Ultimately, calories do count. Nuts are dense in calories and (in my opinion) relatively easy to overeat. I personally think a big part of the issue is our easy access to shelled nuts where you can eat them by the handful too quickly/easily. If you had to pick and shell each nut, that would slow you down and put in a bit of a natural control. I don't think it is the fat content specifically that would make them stall weight loss.

And then of course, there is the separate issue that nuts may not provide optimal micronutrients and their phytates may block mineral absorption, so if you're getting a large portion of your calories from them, you may develop certain deficiencies over time.

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2387 · May 07, 2012 at 3:43 AM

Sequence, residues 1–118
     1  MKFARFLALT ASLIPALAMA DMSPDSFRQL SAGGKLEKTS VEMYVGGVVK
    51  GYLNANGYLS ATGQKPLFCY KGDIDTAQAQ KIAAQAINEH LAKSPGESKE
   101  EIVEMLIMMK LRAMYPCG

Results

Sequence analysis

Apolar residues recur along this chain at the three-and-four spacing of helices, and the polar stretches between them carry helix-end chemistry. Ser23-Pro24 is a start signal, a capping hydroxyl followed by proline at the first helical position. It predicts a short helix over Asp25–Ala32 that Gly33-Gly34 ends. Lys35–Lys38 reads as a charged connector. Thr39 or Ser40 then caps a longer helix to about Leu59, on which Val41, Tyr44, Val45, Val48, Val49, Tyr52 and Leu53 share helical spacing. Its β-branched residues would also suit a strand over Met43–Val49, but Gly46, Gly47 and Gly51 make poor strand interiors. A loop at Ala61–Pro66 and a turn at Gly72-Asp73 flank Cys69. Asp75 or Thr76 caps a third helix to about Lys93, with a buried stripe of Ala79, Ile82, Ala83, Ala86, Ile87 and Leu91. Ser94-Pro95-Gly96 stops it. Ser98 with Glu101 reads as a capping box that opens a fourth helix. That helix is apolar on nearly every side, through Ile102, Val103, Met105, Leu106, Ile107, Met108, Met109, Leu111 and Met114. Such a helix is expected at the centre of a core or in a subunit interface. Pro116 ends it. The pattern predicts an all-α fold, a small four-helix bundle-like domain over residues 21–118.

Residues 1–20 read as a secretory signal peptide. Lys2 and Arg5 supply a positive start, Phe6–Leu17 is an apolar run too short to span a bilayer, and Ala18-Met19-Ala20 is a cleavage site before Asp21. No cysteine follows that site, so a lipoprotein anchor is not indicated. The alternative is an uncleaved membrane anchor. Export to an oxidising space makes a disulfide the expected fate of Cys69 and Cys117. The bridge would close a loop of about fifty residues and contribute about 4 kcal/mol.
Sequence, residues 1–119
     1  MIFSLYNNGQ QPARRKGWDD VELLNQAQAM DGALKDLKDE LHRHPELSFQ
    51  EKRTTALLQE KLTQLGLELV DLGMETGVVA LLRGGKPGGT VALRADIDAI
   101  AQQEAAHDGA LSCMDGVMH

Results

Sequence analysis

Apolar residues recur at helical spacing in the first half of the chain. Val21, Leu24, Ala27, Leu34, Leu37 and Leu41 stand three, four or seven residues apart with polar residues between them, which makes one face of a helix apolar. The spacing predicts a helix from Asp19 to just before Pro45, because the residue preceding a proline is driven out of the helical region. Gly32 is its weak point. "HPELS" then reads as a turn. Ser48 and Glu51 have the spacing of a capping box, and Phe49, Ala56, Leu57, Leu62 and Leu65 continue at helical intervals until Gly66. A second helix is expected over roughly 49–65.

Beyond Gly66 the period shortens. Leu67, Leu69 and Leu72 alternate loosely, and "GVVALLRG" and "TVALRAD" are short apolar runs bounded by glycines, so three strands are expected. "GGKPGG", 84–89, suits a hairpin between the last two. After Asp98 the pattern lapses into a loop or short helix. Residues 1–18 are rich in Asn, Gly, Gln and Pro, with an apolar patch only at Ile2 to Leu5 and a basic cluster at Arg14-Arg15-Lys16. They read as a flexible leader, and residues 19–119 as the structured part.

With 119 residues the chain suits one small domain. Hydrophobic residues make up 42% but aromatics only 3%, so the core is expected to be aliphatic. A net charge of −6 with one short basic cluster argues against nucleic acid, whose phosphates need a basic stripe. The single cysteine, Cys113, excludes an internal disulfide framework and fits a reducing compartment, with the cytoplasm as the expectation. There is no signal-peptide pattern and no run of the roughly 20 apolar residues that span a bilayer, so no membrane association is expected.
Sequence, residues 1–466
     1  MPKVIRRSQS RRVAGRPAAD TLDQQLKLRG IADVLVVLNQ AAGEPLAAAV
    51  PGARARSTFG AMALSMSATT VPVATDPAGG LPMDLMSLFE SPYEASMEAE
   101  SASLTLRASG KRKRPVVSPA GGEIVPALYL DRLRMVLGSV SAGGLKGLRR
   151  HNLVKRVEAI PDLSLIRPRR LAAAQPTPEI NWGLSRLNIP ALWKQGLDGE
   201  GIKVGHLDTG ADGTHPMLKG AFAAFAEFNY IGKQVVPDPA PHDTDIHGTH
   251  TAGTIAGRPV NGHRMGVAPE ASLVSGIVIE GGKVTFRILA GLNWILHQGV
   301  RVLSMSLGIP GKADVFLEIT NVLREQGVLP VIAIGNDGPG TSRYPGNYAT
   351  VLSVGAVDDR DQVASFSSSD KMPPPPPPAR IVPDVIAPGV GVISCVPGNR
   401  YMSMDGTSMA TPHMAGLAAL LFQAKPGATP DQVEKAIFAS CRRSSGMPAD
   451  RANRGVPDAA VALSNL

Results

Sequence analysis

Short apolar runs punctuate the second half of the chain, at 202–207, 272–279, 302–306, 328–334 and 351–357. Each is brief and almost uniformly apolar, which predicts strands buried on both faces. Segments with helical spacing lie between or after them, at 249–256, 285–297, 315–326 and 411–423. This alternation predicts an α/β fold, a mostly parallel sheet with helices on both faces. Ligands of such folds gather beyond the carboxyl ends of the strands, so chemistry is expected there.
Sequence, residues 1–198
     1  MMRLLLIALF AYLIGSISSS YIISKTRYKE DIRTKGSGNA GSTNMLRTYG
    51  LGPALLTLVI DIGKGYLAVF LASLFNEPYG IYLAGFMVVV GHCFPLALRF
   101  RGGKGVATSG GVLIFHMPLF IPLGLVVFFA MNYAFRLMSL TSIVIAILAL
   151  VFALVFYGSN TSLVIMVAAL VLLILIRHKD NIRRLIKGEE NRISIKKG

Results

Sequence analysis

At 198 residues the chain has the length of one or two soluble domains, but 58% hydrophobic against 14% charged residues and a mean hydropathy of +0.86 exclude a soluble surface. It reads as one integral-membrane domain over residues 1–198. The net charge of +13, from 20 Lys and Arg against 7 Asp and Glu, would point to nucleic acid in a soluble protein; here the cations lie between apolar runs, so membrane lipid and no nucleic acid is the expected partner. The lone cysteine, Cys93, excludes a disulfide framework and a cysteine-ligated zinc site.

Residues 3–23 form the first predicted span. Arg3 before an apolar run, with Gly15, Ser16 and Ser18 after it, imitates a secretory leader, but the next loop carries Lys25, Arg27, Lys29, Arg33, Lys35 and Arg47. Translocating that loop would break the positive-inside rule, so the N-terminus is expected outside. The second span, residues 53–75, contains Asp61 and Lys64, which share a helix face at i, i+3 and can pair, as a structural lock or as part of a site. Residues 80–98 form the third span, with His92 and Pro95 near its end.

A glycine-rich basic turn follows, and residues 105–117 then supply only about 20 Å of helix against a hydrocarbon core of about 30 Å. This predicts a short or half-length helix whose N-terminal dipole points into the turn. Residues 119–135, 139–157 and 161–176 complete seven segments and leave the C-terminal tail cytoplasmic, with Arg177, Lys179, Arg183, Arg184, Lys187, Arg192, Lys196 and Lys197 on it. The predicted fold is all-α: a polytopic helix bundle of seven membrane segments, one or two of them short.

Nuts are inflammatory by nature - they are very high in Omega-6 PUFA's as their primary fat, and as others mentioned, they are highly nutrient dense. On top of all that, they are darned delicious to eat, and yes as others said, its easy to overeat them. Think about overeating a dense caloric source of Omega-6 fats! You really do your body a disservice by doing so.

As for me, I generally only eat macadamias when I eat nuts, as amongst nuts they have the least omega-6's and have a decent amount of monounsaturate.

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19120 · May 07, 2012 at 2:11 PM

Coconut is a drupe (a specific type of fruit) of which we eat the seed. "Coconut" (as the brownish, hard, round thing we eat) is therefore technically a seed. Coconuts are kind of like nuts (a one seeded fruit), but because they don't open, sprout, and grow like a nut would, they aren't really nuts. To say a coconut "isn't a nut, it's a fruit" is as wrong as calling it a nut to being with, since nuts are part of fruits.